As I delivered him to each adventure, we listened to The Hobbit soundtrack, specifically “The Adventure Begins” track. We’d both crow, “I’m going on an adventure” at the appropriate moment and giggle at our nerd-ery.

We even used it to lighten the ill humor of getting lost and driving in a great big circle after my niece’s wedding. There is a lot of big empty nowhere in Wisconsin and I – being one who is easily lost crossing the street – managed to drive us through most of it. But we were on an adventure.

I’ve also spent the last six months on the incredible adventure of writing (or re-writing depending on one’s perspective) a book. I’ve walked the path of this book before, but never with such emotional depth. This adventure has been hair-raising, gut wrenching but most of all, satisfying. Camp NaNoWriMo was another incredible and daunting adventure – one from which I am still recovering.

As we head into the autumn, I will be on another adventure called editing and begging for beta readers. Watch this space for much grousing between D and I. Hopefully I will remember that it’s an adventure, and keep it lighthearted. No one wants to see Druidicide in cyberspace.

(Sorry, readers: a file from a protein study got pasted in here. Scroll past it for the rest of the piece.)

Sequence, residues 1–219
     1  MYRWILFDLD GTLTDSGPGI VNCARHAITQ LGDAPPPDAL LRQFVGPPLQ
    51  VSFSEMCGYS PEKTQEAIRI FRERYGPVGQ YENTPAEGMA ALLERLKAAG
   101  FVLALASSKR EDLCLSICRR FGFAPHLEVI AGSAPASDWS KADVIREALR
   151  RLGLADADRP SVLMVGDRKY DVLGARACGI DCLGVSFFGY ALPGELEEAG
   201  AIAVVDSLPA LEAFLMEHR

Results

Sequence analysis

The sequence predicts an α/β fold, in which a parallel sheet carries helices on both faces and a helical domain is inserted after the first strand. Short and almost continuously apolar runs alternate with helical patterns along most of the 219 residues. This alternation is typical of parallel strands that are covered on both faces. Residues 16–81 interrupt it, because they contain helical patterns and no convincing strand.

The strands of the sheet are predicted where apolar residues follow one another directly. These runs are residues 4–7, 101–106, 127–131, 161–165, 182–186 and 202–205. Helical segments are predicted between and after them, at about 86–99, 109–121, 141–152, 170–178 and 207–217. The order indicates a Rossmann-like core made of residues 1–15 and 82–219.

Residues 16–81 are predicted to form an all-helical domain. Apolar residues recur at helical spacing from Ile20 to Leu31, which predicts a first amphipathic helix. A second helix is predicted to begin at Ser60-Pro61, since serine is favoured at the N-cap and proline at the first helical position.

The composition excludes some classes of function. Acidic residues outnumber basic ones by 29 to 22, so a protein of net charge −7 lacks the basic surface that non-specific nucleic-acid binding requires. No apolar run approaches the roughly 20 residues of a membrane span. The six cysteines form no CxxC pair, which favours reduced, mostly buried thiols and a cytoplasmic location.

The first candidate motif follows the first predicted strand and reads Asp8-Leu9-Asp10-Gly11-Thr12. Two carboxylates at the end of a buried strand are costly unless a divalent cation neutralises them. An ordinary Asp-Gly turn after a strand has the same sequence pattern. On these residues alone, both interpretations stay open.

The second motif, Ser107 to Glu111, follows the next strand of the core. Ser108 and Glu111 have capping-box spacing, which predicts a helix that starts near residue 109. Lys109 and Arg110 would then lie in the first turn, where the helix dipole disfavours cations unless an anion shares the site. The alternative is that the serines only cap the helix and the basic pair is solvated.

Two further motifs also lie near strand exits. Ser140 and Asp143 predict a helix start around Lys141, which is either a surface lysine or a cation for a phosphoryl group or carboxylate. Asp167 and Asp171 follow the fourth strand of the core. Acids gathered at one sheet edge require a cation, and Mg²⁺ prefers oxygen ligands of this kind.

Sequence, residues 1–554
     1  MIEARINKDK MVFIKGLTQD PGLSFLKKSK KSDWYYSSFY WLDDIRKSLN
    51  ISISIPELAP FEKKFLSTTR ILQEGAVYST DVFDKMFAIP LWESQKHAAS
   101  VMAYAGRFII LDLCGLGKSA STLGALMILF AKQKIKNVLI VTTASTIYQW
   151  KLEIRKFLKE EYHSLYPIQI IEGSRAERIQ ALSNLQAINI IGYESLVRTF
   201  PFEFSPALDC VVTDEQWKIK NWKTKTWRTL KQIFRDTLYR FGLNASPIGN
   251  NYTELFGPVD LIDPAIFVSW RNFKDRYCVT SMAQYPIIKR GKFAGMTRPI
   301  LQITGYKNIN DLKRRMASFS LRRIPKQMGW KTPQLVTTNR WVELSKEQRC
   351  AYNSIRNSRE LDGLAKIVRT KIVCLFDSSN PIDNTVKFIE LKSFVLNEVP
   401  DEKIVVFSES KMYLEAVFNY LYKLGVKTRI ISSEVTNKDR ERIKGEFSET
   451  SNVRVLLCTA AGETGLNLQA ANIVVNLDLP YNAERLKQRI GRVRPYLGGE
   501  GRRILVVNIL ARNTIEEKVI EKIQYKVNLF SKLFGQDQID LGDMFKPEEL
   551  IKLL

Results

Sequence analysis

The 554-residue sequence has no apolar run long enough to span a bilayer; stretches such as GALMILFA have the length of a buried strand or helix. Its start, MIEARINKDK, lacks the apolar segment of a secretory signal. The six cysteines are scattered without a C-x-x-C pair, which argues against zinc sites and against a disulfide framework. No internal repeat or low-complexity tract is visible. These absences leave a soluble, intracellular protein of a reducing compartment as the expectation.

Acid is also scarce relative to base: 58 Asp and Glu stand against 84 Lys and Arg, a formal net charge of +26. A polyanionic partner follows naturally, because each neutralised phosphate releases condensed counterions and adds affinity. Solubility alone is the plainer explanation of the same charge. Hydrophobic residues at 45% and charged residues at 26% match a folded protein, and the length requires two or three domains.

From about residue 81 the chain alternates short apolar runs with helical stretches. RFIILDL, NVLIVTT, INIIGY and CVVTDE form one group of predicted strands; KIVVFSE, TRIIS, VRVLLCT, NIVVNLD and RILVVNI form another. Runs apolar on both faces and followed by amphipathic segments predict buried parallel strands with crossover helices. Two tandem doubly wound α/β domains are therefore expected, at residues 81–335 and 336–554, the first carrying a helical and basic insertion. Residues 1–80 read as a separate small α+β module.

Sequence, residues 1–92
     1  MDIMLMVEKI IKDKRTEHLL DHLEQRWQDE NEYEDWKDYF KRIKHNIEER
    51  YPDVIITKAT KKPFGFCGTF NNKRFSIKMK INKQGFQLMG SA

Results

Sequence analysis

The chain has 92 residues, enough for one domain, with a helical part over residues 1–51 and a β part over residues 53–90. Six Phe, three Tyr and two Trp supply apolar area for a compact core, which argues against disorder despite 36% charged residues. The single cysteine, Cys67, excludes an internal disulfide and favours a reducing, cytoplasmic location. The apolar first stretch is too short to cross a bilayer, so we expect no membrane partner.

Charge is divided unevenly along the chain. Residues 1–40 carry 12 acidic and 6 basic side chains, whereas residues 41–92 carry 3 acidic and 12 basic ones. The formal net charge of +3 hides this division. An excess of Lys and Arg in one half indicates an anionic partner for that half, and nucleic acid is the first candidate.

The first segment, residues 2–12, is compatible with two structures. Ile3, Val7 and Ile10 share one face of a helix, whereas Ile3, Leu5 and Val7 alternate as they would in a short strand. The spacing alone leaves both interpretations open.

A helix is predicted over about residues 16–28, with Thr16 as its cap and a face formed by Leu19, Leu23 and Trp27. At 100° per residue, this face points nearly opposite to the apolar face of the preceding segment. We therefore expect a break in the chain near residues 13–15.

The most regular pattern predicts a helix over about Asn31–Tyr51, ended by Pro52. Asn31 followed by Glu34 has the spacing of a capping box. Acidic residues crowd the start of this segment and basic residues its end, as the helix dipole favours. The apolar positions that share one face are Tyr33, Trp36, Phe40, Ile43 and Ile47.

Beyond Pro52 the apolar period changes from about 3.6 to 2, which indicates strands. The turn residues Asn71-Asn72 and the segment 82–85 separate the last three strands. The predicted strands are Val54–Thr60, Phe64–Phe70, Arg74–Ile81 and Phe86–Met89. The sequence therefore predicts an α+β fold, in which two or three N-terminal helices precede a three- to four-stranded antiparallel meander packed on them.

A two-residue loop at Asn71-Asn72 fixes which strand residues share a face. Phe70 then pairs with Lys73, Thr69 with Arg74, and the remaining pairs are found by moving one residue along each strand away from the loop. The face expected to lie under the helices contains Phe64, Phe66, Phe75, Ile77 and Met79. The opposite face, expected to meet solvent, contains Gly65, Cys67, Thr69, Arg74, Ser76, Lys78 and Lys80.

D: Least of all, me.

A: Don’t tempt me D. What are you doing here? This is my space!

D: I thought Sundays were your space. It’s Tuesday.

A: Congratulations. You’ve mastered the modern calendar, D.

D: . . .

A: Right. I meant to post this on Sunday. However, I’ve had some busy weekends lately (my real-life adventure) which included a tussle with a swarm of wasps.

D: You mean they had the temerity to bite you? At least I only nibble at your sanity.

A: Nibble at my sanity? If by nibble you mean take giant, slobbering bites. . . Yes, the wasps bit me. And bit me again. The third one that tried it got a great big backhander, but I think that was pure luck on my part.

D: Wait, do I understand you correctly? You’re a warrior, you engage in timey-wimey antics and make mysterious allusions to real-life adventures. . .

A: Yes, D. It’s true. . . . I’ve been around you waaaaaaay too long.

D: (Eye roll) I try being nice . . . Fine. I will leave you to your “personal space” on the blog. Let me know when you’re done, will you, A? You did promise the good people editing, begging and grousing, after all.

A: You almost sound like you’re looking forward to it, D.

D: Anything beats the empty cavern of your mind, A. The echo is creepy.

A: Cheers, D. Here’s to the adventure!

What is your idea of an adventure?

 

The Billy the Kid and D Files, Pt 3

They were found on a roadside, deep in the Nevada desert. Part of a cache of documents obviously intended for a secure location, the files have been kept secret until today. Their earth-shattering contents will amaze, possibly frighten and answer the question: what happens when an infamous Old West gunslinger and a centuries-old time-travelling Druid meet up?